Blackburn resolve steadied by Sutton

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The Independent Online
As Blackburn head for the home straight in the race for the Premiership title, Chris Sutton is not about to be spooked by talk of faltering in the final furlong.

Those who do foresee such an outcome - notably the Manchester United manager, Alex Ferguson - are wasting their breath, Sutton insists.

"Alex Ferguson is all psychology," said the £5m striker, whose goal against Queen's Park Rangers on Tuesday night increased Blackburn's lead over the holders by eight points. "But we won't let it affect us. He might as well keep quiet."

After Blackburn won at Everton and United dropped two home points against Leeds at the weekend, Ferguson had said: "Blackburn can only throw away the League now. We're hoping for a Devon Loch situation and that we win our last six games."

Ferguson's equine allusion - intended, Sutton believes to unsettle his side - was to the horse which faltered at an imaginary hurdle to lose the 1956 Grand National. Horses for courses, they say, and Kenny Dalglish's unloved Blackburn are showing all the pedigree of a thoroughbred. Ferguson's United, meanwhile, have been nothing short of lame lately; one point from six is well short of championship form.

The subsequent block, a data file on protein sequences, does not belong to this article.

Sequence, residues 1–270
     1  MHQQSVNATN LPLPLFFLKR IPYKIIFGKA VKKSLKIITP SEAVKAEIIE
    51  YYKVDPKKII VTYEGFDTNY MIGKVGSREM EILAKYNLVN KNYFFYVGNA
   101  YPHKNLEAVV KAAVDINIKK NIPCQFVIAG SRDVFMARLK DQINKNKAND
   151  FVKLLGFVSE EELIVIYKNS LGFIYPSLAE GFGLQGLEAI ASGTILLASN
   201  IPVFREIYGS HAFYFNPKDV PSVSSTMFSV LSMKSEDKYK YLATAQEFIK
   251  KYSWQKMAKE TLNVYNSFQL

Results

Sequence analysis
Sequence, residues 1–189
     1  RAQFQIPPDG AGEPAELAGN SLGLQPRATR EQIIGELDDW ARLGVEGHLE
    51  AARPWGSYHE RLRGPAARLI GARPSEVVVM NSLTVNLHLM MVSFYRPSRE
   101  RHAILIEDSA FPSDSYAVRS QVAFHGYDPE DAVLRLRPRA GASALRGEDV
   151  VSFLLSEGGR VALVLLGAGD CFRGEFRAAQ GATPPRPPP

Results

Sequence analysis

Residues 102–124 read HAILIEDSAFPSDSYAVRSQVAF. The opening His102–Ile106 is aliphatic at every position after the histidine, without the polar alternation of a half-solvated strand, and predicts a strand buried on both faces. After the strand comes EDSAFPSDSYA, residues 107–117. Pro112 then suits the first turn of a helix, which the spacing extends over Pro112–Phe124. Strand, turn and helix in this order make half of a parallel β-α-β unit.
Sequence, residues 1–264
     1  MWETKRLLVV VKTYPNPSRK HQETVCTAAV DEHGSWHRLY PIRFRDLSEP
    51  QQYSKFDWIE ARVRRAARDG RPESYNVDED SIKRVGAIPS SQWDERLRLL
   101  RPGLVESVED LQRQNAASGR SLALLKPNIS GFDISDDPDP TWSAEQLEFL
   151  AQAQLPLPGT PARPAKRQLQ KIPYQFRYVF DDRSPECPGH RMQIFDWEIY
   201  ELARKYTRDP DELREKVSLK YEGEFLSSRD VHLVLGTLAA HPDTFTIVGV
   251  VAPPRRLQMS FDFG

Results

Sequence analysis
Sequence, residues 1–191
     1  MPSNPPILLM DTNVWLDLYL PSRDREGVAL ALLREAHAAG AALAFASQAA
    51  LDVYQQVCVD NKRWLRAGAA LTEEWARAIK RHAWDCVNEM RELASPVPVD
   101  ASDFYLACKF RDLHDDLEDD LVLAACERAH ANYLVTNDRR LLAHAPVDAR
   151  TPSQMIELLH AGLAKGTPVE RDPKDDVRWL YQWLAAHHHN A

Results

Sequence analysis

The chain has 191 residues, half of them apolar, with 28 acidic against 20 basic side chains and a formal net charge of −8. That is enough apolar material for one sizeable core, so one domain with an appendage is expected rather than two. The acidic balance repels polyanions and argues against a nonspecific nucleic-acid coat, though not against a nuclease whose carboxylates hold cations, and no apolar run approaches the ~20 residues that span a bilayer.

"People are trying to make us feel under pressure. But we don't feel any more pressure now than we did on the first day of the season," Sutton said. "We're not going to blow it now."

The mutual antipathy that exists between the two Scottish managers is common knowledge, and Dalglish has impressed on his charges the need to exercise a degree of circumspection when it comes to Ferguson's predictions.

"The boss told us all about Alex Ferguson and what he was trying to do," Sutton said. "It didn't have any effect against Rangers, and it won't in the remainder of the season. It was nice to score again as I'd had a bit of a lean spell until Everton on Saturday. But Alan Shearer's been knocking in the goals anyway.

"It was more important to get the three points, though. I still don't think it's all over."

United themselves fell at the last hurdle to Leeds three seasons ago, and other clubs who have slipped up on the championship run-in include Ipswich and Liverpool.

Such is Blackburn's commanding lead that they could even afford to lose a couple of their last six games and still bring the League title to Ewood Park for the first time in 81 years. Four wins will crown Blackburn the first non-city champions since Dave Mackay's Derby 20 years ago.

Talk of Derby on the eve of Saturday's Grand National is an omen Sutton might savour.